Goldschmidt makes history in 17-inning loss

May 31, 2015

Paul Goldschmidt continued his assault on Miller Park on Sunday, and it ended only when the Brewers decided it was better to let Goldschmidt make history than to take another swing.

Goldschmidt became the first player in the modern era to post three hits and three intentional walks in the same game, even as the Brewers ended up on the right side of a 7-6, 17-inning victory when catcher Martin Maldonado hit a walk-off homer to end the longest game in Miller Park history, five hours and 49 minutes.

The first 90 minutes or so were a lot of Goldschmidt -- a solo homer in the first inning and singles in the third and fourth. By then, he was 9 for 13 with three homers and three doubles in the series, and 26 for 50 with nine doubles and seven homers in 12 career games at Miller Park.

After Mark Trumbo's ninth homer of the season tied the game at 6 in the eighth, the Brewers tried something new. Craig Counsell's Plan B began in the ninth, when the intentionally walked Goldschmidt with a runner on second and two out. Ender Inciarte grounded out, to end the inning a format that become the D-backs' worst nightmare.


Goldschmidt walked with a runner on first in the 11th. Inciarte grounded out. Goldschmidt was intentionally with a runner on third base and one out in the 13th. Inciarte popped out and Trumbo lined out. Goldschmidt was intentionally walked in the 15th with a runner on second, and Inciarte popped out to end the inning.

The Brewers probably would have walked Goldschmidt in those situations anyway, but it did not hurt that starting cleanup hitter David Peralta had to be removed from the game after suffering a finger injury in the first inning, putting a less potent bat behind Goldschmidt.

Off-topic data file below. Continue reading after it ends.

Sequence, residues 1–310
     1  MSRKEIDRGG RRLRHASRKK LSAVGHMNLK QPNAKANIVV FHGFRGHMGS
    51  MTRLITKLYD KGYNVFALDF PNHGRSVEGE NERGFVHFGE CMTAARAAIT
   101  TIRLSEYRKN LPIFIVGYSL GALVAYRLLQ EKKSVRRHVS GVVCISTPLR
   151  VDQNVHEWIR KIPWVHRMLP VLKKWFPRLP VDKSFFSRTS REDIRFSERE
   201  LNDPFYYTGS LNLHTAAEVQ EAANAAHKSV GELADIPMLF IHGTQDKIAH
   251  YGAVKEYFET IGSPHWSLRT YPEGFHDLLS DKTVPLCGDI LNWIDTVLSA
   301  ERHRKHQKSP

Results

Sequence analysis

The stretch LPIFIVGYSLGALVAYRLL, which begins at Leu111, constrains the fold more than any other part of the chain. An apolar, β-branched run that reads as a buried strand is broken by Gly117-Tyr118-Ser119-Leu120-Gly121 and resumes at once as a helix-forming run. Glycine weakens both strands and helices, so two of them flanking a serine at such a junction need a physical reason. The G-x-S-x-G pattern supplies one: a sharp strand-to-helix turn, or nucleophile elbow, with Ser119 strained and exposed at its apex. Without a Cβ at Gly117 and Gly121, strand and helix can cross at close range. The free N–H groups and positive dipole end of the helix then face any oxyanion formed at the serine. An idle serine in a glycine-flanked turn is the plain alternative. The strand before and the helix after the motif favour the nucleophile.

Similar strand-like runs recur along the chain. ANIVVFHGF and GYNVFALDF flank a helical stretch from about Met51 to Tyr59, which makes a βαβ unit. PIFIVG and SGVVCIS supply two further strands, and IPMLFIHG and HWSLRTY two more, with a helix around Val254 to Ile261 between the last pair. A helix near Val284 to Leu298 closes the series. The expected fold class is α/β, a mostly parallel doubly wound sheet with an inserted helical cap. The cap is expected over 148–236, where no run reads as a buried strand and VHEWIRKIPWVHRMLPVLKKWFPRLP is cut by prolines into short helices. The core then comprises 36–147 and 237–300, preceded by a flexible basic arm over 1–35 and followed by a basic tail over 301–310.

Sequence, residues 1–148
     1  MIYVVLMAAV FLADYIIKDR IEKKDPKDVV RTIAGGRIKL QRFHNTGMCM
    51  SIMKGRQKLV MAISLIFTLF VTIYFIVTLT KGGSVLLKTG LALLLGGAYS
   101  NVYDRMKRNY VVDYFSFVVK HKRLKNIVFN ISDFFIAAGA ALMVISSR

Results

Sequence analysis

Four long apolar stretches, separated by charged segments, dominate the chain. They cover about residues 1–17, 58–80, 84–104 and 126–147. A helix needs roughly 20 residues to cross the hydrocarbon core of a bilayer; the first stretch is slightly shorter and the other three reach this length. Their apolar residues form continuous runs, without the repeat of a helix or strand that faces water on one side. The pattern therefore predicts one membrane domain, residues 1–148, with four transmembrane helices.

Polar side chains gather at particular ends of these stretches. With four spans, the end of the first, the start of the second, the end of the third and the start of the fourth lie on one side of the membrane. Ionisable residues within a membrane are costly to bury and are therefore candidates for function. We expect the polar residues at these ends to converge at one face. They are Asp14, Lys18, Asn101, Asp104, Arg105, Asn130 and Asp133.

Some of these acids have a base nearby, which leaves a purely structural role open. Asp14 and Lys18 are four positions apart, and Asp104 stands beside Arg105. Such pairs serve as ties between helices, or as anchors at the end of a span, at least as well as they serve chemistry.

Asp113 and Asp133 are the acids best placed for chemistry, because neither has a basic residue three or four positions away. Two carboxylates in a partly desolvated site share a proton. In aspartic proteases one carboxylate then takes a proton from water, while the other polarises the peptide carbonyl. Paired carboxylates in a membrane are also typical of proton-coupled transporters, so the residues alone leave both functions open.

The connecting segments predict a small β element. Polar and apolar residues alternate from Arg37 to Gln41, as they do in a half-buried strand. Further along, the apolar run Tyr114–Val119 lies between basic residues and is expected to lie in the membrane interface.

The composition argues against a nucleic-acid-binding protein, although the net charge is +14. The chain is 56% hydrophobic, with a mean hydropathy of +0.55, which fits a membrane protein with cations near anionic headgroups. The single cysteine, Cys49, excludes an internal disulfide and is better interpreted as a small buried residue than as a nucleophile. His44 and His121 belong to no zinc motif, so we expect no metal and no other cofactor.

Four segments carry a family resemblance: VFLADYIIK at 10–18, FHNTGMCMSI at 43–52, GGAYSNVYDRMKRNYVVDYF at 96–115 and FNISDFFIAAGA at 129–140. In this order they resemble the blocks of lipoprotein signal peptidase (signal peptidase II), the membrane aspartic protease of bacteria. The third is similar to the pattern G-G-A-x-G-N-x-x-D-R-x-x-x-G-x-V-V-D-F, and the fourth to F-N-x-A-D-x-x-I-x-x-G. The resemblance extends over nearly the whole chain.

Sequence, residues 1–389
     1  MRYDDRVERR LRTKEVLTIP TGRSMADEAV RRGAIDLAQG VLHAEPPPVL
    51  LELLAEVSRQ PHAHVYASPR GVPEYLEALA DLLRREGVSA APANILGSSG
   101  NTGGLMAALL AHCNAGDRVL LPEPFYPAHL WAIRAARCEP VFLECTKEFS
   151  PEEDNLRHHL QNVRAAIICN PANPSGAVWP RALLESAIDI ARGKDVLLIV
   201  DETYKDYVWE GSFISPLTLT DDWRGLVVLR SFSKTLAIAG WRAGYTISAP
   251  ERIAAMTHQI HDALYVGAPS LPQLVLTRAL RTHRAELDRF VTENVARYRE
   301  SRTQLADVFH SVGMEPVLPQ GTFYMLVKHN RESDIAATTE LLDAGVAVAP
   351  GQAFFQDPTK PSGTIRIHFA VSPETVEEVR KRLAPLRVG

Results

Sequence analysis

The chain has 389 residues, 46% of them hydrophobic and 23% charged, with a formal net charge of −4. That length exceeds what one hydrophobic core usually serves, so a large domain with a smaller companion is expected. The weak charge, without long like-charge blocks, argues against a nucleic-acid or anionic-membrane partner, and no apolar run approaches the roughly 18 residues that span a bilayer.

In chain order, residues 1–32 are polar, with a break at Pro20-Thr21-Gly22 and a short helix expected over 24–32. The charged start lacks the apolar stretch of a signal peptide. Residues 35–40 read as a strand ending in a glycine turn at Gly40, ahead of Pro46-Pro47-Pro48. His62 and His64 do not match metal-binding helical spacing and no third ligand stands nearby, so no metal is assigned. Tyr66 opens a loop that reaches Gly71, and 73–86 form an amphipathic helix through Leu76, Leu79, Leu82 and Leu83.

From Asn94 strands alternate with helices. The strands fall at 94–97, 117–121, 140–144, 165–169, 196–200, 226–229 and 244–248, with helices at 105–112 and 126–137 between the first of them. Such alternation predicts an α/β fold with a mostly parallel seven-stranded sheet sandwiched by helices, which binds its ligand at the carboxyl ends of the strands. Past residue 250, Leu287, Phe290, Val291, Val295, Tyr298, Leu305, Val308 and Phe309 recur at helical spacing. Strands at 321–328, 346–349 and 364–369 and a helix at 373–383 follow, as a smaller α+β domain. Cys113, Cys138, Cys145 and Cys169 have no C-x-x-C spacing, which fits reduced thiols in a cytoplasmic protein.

Goldschmidt was due to lead off the 18th inning -- if it had gone that far, it would have tied for the longest game in D-backs history -- but did not the chance.

Vidal Nuno struck out Luis Sardinas on a nine-pitch at-bat, all strikes, leading off the 17th before Maldonado hit the first pitch he saw over the fence in center. Nuno had given up one hit after taking over in the 13th, striking out six and walking three. He has a 1.88 ERA in his three appearances, giving up 10 hits with 19 strikeouts in 14 1/3 innings.

Chase Anderson had his least effective outing of the season in squandering a 5-1 lead, though he did not figure in the decision, which is becoming the norm despite good numbers this season. Anderson has eight no-decisions in 10 starts, despite allowing as many as three earned runs only three times.

He gave up 10 hits for a second straight start, but while he pitched around that by giving up two runs in St. Louis on Monday could not do that Sunday. He was charged with six runs in five-plus innings, leaving after giving up two hits to open the sixth. Both scored with J.C. Ramirez on the mound.

Anderson entered the game with a 2.59 ERA, eighth in the NL, and left at 3.26. He had given up five earned runs in his previous five May starts.

-- Goldschmidt set a franchise record by reaching base seven times in one game.